- When one student finds an identical pair, they tell the other student the translation. Students switch turns.
- Let students make associations. Match images with words, use synonyms and opposites, translations, arithmetics and their solution, statues with countries, etc.
Want to check how many times your students tried to complete this game? Just let them submit their work!
This is probably a learning game you’ve not seen before. Add images, numbers, words or emoticons to wheels. Spin the wheels, and see what comes up.
Let your students come up with a story about some randomly given emoji’s. What a great speaking or writing exercise!
Other possibilities are:
- Let students build a correct sentence with words given by the randomness widget. For example: You - To speak - Future perfect.
- Do experiments around probabilities. Roll the dice or flip coins.
- Get to know each other. Add headshot pictures of your students in one wheel, and a topicsuch as “hobbies” about which they have to talk about in the other wheel.
- Add numbers to the wheels. Spin the wheel and let students multiply, divide, subtract or add the numbers.
6. Pair matching
This game looks a lot like “Memory”. The only difference is that students have to match pairs, without remembering their location.
Take a look at this example:
Here are some other associations you can make:
- Words and their translation
- Images and their translation
- Arithmetic and a solution
- Images of people and their names
- Images of monuments and their names/places
- Words and their definitions
Here, just like with the memory game, you can also see how many times students tried to match pairs. This way you know if students didn’t just guess the pairs.
7. Spot the difference
In education, a lot of things are compared to each other. It’s important for students to know the differences. This learning game is exactly what you need.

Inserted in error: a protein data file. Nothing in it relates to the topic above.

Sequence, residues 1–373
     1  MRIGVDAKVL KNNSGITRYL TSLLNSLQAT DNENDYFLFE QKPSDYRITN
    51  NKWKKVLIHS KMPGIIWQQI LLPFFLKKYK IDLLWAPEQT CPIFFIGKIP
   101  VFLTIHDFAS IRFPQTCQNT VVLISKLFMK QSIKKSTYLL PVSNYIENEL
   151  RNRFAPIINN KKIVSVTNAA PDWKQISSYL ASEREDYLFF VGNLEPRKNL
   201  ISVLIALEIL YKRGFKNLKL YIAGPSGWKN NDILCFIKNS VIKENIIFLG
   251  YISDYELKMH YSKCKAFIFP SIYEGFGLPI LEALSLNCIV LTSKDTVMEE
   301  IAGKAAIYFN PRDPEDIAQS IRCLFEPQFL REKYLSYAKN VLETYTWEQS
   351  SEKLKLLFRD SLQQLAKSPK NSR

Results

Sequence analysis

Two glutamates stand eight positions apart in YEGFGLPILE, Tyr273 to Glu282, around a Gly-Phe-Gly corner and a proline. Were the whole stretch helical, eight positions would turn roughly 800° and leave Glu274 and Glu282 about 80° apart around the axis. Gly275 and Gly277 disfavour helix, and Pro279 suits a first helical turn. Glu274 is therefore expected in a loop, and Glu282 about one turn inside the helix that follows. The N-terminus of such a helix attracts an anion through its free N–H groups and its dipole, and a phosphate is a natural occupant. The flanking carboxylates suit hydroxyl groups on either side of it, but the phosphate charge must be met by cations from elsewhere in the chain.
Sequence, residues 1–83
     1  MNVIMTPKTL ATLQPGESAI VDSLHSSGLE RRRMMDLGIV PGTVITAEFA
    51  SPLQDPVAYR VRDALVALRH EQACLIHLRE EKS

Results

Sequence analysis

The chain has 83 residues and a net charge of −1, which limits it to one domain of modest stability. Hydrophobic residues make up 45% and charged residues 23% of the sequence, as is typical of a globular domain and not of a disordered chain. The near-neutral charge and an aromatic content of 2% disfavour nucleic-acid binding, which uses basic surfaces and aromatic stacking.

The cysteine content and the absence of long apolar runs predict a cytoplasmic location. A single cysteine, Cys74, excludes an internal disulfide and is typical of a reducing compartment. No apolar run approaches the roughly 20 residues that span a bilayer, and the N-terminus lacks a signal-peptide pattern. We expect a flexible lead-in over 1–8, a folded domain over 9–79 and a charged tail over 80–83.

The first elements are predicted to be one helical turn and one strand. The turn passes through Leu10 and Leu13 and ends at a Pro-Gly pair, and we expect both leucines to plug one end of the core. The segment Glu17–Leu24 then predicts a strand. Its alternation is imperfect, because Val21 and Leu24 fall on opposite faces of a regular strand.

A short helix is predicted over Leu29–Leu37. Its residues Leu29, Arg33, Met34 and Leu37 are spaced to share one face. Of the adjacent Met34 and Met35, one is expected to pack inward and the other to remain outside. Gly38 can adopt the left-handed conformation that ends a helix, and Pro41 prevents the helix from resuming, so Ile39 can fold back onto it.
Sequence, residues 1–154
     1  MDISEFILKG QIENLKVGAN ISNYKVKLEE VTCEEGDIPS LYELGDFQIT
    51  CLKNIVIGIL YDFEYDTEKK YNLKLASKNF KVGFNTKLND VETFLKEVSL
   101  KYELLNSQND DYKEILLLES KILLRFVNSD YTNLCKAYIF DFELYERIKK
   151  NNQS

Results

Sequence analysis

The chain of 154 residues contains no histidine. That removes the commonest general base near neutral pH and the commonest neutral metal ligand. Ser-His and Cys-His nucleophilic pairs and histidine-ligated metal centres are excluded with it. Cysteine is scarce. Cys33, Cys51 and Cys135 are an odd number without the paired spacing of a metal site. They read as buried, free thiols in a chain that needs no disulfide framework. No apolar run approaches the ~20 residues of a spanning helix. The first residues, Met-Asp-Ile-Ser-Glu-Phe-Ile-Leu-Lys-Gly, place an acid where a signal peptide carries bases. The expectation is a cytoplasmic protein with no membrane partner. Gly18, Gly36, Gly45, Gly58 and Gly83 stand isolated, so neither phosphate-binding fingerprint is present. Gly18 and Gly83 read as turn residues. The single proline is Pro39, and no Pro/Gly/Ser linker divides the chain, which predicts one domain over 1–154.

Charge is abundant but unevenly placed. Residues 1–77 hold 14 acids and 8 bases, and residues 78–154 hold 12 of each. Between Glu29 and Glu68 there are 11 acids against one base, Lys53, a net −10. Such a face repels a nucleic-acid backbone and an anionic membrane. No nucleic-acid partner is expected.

Take a look at this example. Do you know the differences between them?
Here’s some extra inspiration: You could put together two images about ancient building styles and ask students to explain the differences. And what about the differences between plants, animals, vegetations, regions, ancient cultures, empires, warriors, gods, … You name it!
You all know the fun game hangman. It’s often used as an energizer or as lesson filler. But it can have an educational value as well.
Use a hangman game:
- to introduce yourself as a teacher. What are your hobbies/ favorite food? Let the students guess.
- to introduce a new theme or topic
- to let student spell difficult words correctly
- to summarize a topic or story in a few words. Those words are important keywords that students have to guess
Can you guess my favorite food?
9. Word Search
This one is a tricky one. Some student can find words immediately, others just don’t. In most cases, students just have to find the given words. But, you can spice things up as well!
- Most science subjects come with a lot of terminology to learn. Word search puzzles are perfect for the job of introducing scientific words in an interactive way.
- How about geography? Names of continents, countries, cities, rivers, mountains, … Give the capital of a country and let students search for the right country in the word search.
- When teaching languages, students could look for the translation of the given word.
- For the little ones, students could look up the spelled number, so they know how to write a number.
Want to know how many words students found? Just let your students return their work to you and find out.
10. Mind map
A mind map is mostly used to brainstorm on projects or to recall learning material.
You can also use a mind map:
- to structure a concept
- to summarize a theme/topic
- to map ideas
- to ask questions around a topic
- to introduce yourself
Here, students can send their mind map back to the teacher as well!
Would you like to see additional ready-to-use lesson activities for inspiration? Check this out!
That’s it, you’re ready to engage your students with these easy-to-make learning game templates.
Share your digital assignments in our Teaching with BookWidgets Facebook group and follow us on Twitter to stay tuned for new blog posts with inspiration. Don’t forget to install the BookWidgets Plugin first! Have a look at this blog post if you need more help setting up BookWidgets.
Would you like more explanation to help you get started? Check out this tutorial, where they explain how to create BookWidgets exercises in Google Classroom.